5. jmac says:

    He drove the guy into the boards tail first holding his head down. He wanted to hurt him. He wasn’t thinking. It was no more malicious then a lot of the garbage that goes on but it was a dirty play And please clean up the language I find it vulgar and one more example of the low standards we are living with today

  6. jtbourne says:

    Check your inbox, jmac. It’s time to have a discussion.

  7. Sherry says:

    Long day, filled with frustrations and I am CRANKY – but jmac, honestly, why do you follow this blog if you are so offended by the language we use here. No point in repeatedly trying to press your views on those of us (the majority I believe) who are perfectly fine with the exchanges on this blog – as they are. Please feel free to excuse yourself from commenting further if you can’t quit the admonishments about language (if JB hasn’t blocked you already).

    Nice post today JB, I too think that tomorrow’s game is anybody’s to take. Sure makes it exciting to anticipate and watch.

    Love, loved, loved seeing the dream team from F-L-A get their asses handed to them in the NBA Finals, and I think it would be really fun to have the Bruins do the same to the Canucks. Everybody outside of Miami was rooting for the Mavs and it seems that everyone outside of Vancouver is rooting for the Bruins. I think it’s gonna be a barn burner!

  8. Neil C. says:

    I agree Bourne, it’s not suspendable, just one of those plays where a guy has a guy in a vulnerable position and takes advantage (I don’t hold it against Boychuk at all, it’s a tough game and I can’t imagine he thought “maybe I’ll break his back”). It’s one of the most obvious interference calls you’re going to see and the ref was standing five feet away staring at the play, so we’re left wonder why he chose to let it go.

    My major gripe is with the Bruins crowd uniting in chanting FLOPPER at a guy on the ice who hasn’t actually moved for about 20 seconds while the trainer comes running out. That’s gotta be a low-point in Bruins history and certainly a low-point of the playoffs this year :( I’m not sure why it hasn’t been mentioned more (if the Canucks crowd did that Wyshynski would have published a small book on it by now)

    Sherry — http://www.gq.com/sports/profiles/201106/boston-bruins-sports-drought

  9. Richie says:

    Correction Sherry, everybody outside Canada. I know a few Habs fans that are temporary Canuck-maniacs because it’s a Canadian team and of course it’s the Bruins. Prior to the playoffs I had no feeling towards either team except an admiration for the Sedins skills but throughout the playoffs I, personally, have found the Canucks difficult to like and Thomas has completely won me over with his Hextall-ness so ,Go Bruins!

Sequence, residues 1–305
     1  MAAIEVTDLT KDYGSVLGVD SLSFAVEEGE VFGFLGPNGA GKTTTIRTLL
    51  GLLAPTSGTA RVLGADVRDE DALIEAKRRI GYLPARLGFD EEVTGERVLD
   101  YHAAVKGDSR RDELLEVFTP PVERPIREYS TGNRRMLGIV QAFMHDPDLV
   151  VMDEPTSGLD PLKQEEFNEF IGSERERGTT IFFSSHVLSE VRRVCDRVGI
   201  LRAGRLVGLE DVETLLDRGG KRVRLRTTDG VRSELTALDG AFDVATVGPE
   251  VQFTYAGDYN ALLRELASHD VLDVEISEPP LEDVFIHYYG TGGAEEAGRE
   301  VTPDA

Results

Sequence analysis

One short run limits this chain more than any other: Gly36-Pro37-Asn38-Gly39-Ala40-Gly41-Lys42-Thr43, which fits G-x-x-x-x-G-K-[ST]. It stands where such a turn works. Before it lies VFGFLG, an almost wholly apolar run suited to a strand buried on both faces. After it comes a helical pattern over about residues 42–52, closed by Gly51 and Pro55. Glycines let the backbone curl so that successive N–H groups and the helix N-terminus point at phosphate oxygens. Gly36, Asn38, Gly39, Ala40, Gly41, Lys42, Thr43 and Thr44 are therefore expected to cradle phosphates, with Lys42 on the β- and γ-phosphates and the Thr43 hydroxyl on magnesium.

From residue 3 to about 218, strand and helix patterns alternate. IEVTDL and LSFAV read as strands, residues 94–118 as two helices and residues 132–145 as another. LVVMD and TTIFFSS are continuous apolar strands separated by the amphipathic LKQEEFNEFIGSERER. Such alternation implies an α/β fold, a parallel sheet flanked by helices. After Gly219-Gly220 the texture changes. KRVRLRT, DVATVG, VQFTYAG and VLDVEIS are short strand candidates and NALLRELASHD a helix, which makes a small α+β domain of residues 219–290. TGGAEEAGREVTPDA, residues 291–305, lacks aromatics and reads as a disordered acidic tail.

10. Phil Turk says:

    Hey Justin:

    Your email accounts have been hacked; I’m getting email claiming you’ve been held up at gun point.

    – Phil

  11. KForbes says:

    Looks like your email’s been hacked, bud.

    Unless you truly are in London and have had all your belongings stolen at gunpoint.
    If that’s the case, I’m kinda surprised you’d contact me…

  12. KForbes says:

    Just read your Twitter

    Nevermind, ignore me.

    Have fun in the UK!

  13. Char says:

    Nobody in their right mind would rag on an injured player. Sadly, the Canucks have gained such a reputation as floppers and divers that the instant perception is going to be “faking again.” I have to admit when I saw the aftermath on TV (they didn’t show the play, and I think relatively few at the Garden saw it either), my first thought was “here we go again.” There’s a reason why the boy who cried wolf remains an archetype.

  14. Sherry says:

    Ritchie, yes, you are right of course. I was a little too broad in my estimation of who woudl be rooting for the Bruins. It has been fun to read about the shifting alliances as the playoffs have progressed. I’m not an ardent Boston fan either, but I want it really bad for Thomas – love that guy!

    Neil C – yes, I read something similar to the GQ article and realize that in the grand scheme of sports things, not a lot of people would root for a Boston/New England based team (I personally hate the Patriots), but the specific story of these two teams in the Final has got a lot of people pulling for the Bruins.

    Yes, the fans chanting “flopper” was a low point in the game – as was the resulting injury from a hockey play gone awkwardly bad (as I see it Boychuck was finishing his check, or okay, interferring, and then finishing his check, but that’s it). As Char said, I doubt those fans would have mocked Raymond if they knew the extent of the injury (I figured right away that he probably had a tailbone, or lower lumbar injury).

    However, reading the hyperbole from the Canucks in the aftermath of the injury has got me a little disgusted. My mom was an RN who worked with many brain and spinal chord injury patients, and she and I agree that the carrying on about Raymond’s injury is a bit much. Not that the injury isn’t awful for Raymond or is something to be taken lightly, but the characterizations coming out of the Canucks organization are way over the top. As I remarked to my mom, they sound like effing politicians! I know, it’s all about gamesmanship, but I am tired of the sheer volume of it from the Canucks. Enough – let’s just play hockey and quit whining!